Chile, Mapuche Families in Panguipulli Demand Compensation for Hydroelectric Dam Flooding
by Ryan Seelau
More than sixty Mapuche families from Panguipulli are banding together to demand compensation for flooding that occurs on their lands each year caused by a nearby hydroelectric dam. The hydroelectric facility was originally built by the Chilean government in the 1950s, but for more than a decade it has been operated by the Italian company, ENEL. The Mapuche admit that their lands cannot be recovered, but are seeking compensation from both the Chilean Government and ENEL for continuous damage to their lands.
More than 50 years ago the Chilean Government decided to build a dam on lands that were traditionally used and occupied by the Mapuche people. The construction of this dam produced an artificial lake called Laguna Pullinque. The creation of this lake destroyed more than 740 acres of land, which directly affected the Mapuche’s ability to farm and raise animals in the area. The Mapuche neither participated in the proposal to construct the dam, nor did they receive any compensation for the land that was lost.
Since that time, the size of the lake has continued to increase. Each year the lake floods and more Mapuche land is lost. According to Joel Huiriman, the president of the Mapuche community of Llongahue, “Day by day, the land is shrinking, the animals are losing their food and dying, and each year the lake expands.” And as Manuel Collinahuel, a member of the Mapuche Community of José Antonio Reinahuel Tralahuapi, “The animals have also died — [such as] sheep — and that means a loss in revenue for us. The rising water has meant loss of land to Mapuche families who live from agriculture and livestock, and our lands have been progressively deteriorating.”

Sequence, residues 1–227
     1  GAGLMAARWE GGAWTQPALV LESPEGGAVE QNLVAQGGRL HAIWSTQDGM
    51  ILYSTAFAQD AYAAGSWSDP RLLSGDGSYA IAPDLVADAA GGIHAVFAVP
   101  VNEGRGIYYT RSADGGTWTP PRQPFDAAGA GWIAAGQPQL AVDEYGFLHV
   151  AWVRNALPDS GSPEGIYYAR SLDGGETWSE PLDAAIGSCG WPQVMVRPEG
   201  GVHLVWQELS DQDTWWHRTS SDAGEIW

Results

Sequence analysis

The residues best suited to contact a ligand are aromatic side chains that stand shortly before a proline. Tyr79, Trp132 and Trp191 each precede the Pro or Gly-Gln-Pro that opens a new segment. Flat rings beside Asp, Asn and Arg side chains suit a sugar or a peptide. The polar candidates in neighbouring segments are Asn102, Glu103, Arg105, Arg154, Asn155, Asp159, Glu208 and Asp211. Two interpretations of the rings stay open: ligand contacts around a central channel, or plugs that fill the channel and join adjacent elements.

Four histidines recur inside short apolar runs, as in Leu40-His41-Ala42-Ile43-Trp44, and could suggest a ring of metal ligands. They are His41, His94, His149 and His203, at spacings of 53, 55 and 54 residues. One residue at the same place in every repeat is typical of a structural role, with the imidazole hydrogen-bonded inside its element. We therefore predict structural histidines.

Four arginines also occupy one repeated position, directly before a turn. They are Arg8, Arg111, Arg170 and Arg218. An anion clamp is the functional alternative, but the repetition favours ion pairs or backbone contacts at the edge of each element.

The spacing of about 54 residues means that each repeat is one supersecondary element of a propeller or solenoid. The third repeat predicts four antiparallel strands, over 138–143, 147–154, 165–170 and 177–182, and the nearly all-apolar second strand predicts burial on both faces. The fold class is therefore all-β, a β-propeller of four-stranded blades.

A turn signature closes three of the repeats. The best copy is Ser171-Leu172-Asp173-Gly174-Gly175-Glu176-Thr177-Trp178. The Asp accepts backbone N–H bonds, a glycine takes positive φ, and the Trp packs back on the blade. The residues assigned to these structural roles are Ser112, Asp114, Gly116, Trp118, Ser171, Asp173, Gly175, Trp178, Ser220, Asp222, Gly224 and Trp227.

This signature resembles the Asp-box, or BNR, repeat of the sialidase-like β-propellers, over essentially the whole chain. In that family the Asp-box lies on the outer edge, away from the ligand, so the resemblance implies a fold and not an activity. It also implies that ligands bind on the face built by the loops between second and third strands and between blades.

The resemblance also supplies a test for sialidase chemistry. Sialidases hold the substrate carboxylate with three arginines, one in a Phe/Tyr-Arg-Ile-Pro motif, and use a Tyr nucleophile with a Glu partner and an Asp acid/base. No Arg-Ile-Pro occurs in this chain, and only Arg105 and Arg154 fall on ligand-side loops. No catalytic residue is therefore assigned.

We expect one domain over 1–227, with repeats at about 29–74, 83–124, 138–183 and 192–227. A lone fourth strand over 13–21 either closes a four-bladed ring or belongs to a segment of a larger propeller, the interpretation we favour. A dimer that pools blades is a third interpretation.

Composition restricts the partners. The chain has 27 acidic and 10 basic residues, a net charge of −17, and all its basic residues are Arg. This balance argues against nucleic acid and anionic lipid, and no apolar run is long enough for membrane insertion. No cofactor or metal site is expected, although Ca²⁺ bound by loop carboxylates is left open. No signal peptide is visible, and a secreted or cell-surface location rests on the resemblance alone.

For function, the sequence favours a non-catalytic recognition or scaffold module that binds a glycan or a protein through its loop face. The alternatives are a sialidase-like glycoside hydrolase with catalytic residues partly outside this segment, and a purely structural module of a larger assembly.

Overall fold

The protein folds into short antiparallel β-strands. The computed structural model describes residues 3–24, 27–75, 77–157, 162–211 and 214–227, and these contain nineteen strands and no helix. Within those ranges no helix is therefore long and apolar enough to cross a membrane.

In response to this ongoing problem, the Mapuche communities in the area are beginning to organize to present their demands. They are being assisted by the Observatorio Ciudadano (a Chilean NGO that does a lot of work with Indigenous peoples), and are, essentially, making three demands:
1. To receive just compensation from the Chilean Government for the original flooding that created Laguna Pullinque;
2. To receive just compensation from ENEL for damage the annual flooding causes to their lands; and
3. To set-up some sort of profit-sharing agreement with ENEL so that the community can benefit from the land that it cannot use due to the flooding.
At the moment, the two sides are not very close to an agreement. That said, ENEL has made an offer to compensate the Mapuche communities at a rate of approximately US$640 per acre damaged. The Mapuche, on the other hand, are requesting more than US$40,000 per acre in addition to a percentage of the profits.